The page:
Posts Tagged ‘gentian’

Big Surprises at Fish Creek Valley

I’d been looking forward to going to the Rogue-Umpqua Divide all year, but I just couldn’t seem to squeeze a camping trip down there into my schedule earlier in the summer. Then, in late July, the Whiskey Complex fire erupted east of Tiller, just 9 miles west of Donegan Prairie, one of my planned destinations. So much for that. But last week I was lying awake in the middle of the night, my mind wandering all over the place as it often does in the wee hours, and I thought, to hell with worrying about the smoke, I’ll just go to the north end of the Rogue-Umpqua Divide. Fish Creek Valley is one of my favorite places, and there are lots of late-blooming flowers to make a trip in August worthwhile. Unlike many ideas born in the middle of the night, this one still seemed realistic in the morning, so a couple of days later, I packed up my van and headed south.

Rattlesnake Mountain looms right above Fish Creek Valley. The smoke in the air makes it seem much farther away.

Rattlesnake Mountain looms right above Fish Creek Valley. The smoke in the air makes it seem much farther away.

Read the rest of this entry »

Singing the Blues at Tidbits

Explorer’s gentian (Gentiana calycosa) growing out of a crack in the rock face at the base of the “east Tidbit”. Seeing this same plant well over a decade ago was what first made me wonder if these rock-loving gentians were really the same species as those that grow in wetlands in the High Cascades and elsewhere in the West.

On Friday (September 23), Nancy Bray, Ingrid Ford and her adorable dog Bogy, and I headed up to Tidbits to see the gentians. I had planned to get up there early in the season to see the many great plants that grow on the massive rock formations, but there are just too many places to visit. But although it was actually the first day of fall, there are still a few things to see. Thank goodness for the gorgeous gentians. They are somewhat like dessert after a great meal, saving the best for last, the final sweet treat that lingers with you and tides you over until the next flower season. There are not very many species of Gentiana in the Cascades, and they are never terribly common. Tidbits is one of the few places in the Western Cascades with a good show of gentians, so it is always worth a late-season trip. Read the rest of this entry »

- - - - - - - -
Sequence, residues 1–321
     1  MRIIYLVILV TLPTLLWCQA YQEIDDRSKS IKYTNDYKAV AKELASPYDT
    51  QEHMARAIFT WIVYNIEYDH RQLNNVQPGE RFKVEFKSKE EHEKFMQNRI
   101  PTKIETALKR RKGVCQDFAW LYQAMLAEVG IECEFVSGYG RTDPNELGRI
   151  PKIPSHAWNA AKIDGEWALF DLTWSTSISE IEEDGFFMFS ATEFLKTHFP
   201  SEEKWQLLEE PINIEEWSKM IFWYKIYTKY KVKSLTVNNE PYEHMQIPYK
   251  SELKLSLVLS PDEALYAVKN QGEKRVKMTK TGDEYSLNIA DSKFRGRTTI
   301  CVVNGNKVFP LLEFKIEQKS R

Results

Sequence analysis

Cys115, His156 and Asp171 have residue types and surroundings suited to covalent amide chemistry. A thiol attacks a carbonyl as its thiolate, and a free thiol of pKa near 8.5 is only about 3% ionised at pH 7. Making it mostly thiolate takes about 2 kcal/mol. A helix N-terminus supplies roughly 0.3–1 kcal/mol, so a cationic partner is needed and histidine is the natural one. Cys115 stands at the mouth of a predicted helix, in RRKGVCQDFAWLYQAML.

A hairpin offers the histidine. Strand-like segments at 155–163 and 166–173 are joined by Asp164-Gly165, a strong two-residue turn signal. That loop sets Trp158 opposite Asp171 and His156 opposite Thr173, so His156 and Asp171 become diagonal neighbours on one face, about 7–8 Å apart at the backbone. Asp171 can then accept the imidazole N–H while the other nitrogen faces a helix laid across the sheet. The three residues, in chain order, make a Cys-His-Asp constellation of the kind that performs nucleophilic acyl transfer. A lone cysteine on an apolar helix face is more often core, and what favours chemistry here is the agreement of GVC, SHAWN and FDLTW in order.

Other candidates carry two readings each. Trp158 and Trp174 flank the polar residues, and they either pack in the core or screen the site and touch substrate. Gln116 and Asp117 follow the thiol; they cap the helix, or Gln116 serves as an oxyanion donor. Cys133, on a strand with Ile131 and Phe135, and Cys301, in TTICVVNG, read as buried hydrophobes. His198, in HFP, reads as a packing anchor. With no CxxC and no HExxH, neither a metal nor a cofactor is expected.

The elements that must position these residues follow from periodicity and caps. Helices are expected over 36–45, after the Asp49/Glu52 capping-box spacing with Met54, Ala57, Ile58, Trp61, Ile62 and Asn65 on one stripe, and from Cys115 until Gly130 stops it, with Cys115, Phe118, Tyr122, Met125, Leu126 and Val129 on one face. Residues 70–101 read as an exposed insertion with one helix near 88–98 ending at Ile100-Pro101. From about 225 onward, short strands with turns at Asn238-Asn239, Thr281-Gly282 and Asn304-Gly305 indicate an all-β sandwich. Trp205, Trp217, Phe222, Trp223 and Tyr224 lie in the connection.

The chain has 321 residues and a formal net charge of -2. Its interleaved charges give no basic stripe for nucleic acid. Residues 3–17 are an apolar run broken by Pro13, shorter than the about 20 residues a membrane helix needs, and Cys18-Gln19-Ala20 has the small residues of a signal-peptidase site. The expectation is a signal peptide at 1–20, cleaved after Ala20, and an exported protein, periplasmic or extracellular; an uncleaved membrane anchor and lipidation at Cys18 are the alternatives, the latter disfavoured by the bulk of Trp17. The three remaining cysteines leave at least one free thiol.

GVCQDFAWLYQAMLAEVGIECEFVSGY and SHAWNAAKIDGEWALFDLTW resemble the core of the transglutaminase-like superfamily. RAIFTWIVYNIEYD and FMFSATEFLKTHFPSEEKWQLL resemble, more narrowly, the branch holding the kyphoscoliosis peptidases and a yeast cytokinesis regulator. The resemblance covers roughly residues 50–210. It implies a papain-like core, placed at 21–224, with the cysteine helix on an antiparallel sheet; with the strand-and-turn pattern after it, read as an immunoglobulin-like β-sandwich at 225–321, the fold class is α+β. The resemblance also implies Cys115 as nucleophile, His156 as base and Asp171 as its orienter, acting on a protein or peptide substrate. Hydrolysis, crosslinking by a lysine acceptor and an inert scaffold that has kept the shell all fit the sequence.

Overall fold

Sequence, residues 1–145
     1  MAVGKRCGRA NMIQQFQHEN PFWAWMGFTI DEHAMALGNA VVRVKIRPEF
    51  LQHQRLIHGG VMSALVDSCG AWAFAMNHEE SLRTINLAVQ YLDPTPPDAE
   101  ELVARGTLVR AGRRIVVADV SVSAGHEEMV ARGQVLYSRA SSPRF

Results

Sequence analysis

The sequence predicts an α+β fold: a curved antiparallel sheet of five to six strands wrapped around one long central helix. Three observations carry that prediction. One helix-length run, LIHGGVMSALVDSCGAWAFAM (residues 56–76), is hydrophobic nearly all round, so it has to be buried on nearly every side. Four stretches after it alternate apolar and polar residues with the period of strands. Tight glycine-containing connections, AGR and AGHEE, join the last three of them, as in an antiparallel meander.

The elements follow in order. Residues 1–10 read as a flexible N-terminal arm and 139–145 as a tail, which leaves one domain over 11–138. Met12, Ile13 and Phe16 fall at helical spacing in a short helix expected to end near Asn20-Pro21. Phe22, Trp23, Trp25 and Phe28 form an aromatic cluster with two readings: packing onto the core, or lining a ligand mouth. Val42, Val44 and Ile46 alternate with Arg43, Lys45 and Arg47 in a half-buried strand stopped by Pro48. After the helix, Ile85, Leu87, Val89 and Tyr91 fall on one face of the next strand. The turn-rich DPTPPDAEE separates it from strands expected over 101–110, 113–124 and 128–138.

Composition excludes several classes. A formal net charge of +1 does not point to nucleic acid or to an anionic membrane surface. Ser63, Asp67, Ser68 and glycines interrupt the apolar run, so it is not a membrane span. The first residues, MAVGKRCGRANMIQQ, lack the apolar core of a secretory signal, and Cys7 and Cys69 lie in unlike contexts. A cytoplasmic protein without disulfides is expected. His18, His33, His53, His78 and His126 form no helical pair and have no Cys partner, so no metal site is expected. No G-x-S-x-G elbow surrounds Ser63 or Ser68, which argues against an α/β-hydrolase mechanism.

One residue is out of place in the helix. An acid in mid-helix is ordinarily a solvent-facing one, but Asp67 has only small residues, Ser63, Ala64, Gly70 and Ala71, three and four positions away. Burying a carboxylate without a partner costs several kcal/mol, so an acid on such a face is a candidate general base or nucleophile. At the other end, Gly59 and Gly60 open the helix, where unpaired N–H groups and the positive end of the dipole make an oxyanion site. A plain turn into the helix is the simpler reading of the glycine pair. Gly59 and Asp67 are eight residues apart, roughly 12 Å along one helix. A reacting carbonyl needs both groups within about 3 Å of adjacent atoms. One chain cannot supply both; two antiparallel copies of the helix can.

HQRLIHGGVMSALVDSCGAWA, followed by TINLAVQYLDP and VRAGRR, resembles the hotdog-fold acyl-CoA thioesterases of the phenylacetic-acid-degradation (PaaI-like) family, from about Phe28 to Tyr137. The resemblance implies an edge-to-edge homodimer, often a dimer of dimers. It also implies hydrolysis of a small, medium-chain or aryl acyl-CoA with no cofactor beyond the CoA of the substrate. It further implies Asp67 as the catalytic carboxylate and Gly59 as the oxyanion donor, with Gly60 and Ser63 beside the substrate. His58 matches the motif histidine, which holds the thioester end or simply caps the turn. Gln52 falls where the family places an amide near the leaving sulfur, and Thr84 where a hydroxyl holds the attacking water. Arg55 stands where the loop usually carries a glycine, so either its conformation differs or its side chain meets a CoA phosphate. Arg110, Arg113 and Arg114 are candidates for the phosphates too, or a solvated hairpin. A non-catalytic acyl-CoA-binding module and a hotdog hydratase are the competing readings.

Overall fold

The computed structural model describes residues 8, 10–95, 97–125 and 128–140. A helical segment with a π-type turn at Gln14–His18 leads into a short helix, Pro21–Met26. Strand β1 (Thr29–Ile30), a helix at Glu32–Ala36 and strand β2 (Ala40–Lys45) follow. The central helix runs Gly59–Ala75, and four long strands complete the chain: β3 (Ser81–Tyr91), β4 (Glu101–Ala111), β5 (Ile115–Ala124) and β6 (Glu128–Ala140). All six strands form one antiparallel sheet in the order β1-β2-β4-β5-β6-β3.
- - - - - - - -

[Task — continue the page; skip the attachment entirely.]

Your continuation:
The Quest for Enemion Flowers at Table Rock

Clackamas iris (Iris tenuis)

Yesterday (July 29), my husband Jim and I were invited to join Ed Alverson of the Nature Conservancy on a trip north to Table Rock Wilderness to meet up with Daniel Mosquin of the UBC Botanical Garden. I’ve been wanting to get Jim up to see Table Rock’s huge cliff for years, and I couldn’t pass up the chance to head up there with trained botanists, especially if I didn’t have to do the driving. Neither Ed nor Daniel had ever been to Table Rock either. Daniel, whom some of you may recognize from Botany Photo of the Day, was on a mission to photograph the rare Enemion hallii that grows there. He was down in Oregon on other business just for the weekend, so we were crossing our fingers that we could find it in bloom.